WHAT IS BLACK HISTORY
It s the month we celebrate the progress and diversity of
African American achievement.In the 1920's Carter G.
Woodson, an African American, created and promoted Negro
History Week. He chose the month of February becase it
included the birthdays of Frederick Douglas and Abraham
WHY WE NEED BLACK HISTORY MONTH - ALL YEAR AROUNDby
Henry Martey Codjoe
BLACK HISTORY MONTH by Yaw Boateng
CLINTON TO PARDON FIRST WEST POINT BLACK GRADUATE
[posted 1999-02-22 13:50:04]
To Pardon First West Point Black Graduate
THOMASVILLE, Ga. (AP) - In his last two years at West
Point, not one cadet spoke to Henry O. Flipper, a campaign
of silence that failed to destroy his drive to become the
school's first black graduate.
Flipper persevered against the shunning, graduating in
1877, and the former slave persevered until his death at
the age of 84 against the apparently racially motivated
charges that led to his dishonorable discharge a few years
Nearly 60 years after Flipper's death, President Clinton
was to pardon the Army's first commissioned black officer
at a ceremony in Washington tonight.
Retired Gen. Colin Powell, who kept a photo of Flipper on
his wall while serving as chairman of the Joint Chiefs of
Staff, was expected to attend along with other black
officers and Flipper's descendants.
CLINTON PARDONS PORT CHICAGO SAILOR
[posted 1999-12-28 13:23:12]
WASHINGTON (AP) President Clinton today pardoned a Black
sailor court-martialed for mutiny when he and others
refused to load live ammunition following a deadly 1944
explosion on two transport ships. Freddie Meeks of Los
Angeles is one of only two known surviving members of the
50-man crew sentenced to three months in prison following
the incident at the Port Chicago Naval Magazine near San
Francisco. He alone formally sought a pardon.
The explosion killed 320 men.
Lawmakers, veterans' groups and the NAACP had urged Clinton
to grant a pardon, contending that the sailors were the
victims of racial prejudice.
From Morgan Freeman, A Story of Black Sailors'
Heroes, Forgotten Heroes
1932 - BILL PICKET
, well-known cowboy who was acclaimed by President Theodore Roosevelt as 'one of the best trained ropers and riders the West has produced," dies. Pickett per-formed as a bulldogger in Europe, Mexico, and the U.S ., where he was often assisted by two relatively unknown white cowboys, Tom Mix and Will Rogers.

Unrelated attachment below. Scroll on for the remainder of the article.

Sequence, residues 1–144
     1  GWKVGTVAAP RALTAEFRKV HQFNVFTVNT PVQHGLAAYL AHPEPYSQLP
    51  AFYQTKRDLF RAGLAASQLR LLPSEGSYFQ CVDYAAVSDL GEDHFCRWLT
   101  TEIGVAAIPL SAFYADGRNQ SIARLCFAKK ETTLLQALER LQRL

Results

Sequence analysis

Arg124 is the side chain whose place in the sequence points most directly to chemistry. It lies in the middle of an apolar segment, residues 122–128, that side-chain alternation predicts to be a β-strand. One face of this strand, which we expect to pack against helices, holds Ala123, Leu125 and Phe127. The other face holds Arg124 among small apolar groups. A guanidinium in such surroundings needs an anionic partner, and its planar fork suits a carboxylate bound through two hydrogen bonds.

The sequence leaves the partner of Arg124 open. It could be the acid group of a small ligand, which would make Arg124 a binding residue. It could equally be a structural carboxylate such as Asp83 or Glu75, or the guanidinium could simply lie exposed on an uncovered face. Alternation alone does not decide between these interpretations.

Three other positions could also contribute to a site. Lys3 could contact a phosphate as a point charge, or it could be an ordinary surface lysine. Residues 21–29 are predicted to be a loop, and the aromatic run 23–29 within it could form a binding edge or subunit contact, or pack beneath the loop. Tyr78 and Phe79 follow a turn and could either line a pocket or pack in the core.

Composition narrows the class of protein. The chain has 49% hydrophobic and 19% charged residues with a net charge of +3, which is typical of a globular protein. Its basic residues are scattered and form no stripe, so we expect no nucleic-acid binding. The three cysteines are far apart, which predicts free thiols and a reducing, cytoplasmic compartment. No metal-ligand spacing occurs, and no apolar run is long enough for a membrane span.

BOYNTON'S CALENDAR African American History
1839 - ROBERT SMALLS
is born into slavery in Beaufort, S.C. He will become a Civil War hero by sailing an armed Confederate steamer out of Charleston Harbor and presenting it to the Union Navy and be a three-term congressman from his state.
1990 - Seven African-American journalists are inducted into the newly created Hall of Fame of the National Association of Black Journalists in Washing-ton, D.C. Dubbed "pioneers of mainstream journalism," the inductees include DOROTHY BUTLER GILLIAN of the Washington Post, MELVIN R. GOODE of ABC News, MAL H. JOHNSON of Cox Broad-casting, GORDON PARKS of Life magazine, TED POSTON of the New York Post, NORMA QUARLES of Cable News Network, and CARL T. ROWAN
of King Features Syndicate . Twelve Pulitzer Prize winners are also honored at the awards ceremonies.
1939 - When she is refused admission to the Daughters of the American Revolution's Constitutional Hall to give a planned concert, MARIAN ANDERSON
per-forms for 75,000 on the steps of the Lincoln Memorial. Two months later, she wil l be honored with the NAACP's Spingarn Medal for her talents as "one of the greatest singers of our time" and for "her magnificent dignity as a human being."
In 1761, Benjamin Banneker constructed the first wooden
clock in America. It kept perfect time for 50 years.
Benjamin BannekerThe First African-American
In 1792, President George Washington, on the recommendation
of the Secretary of State, Thomas Jefferson, appointed
Banneker to a six-member team to help lay out the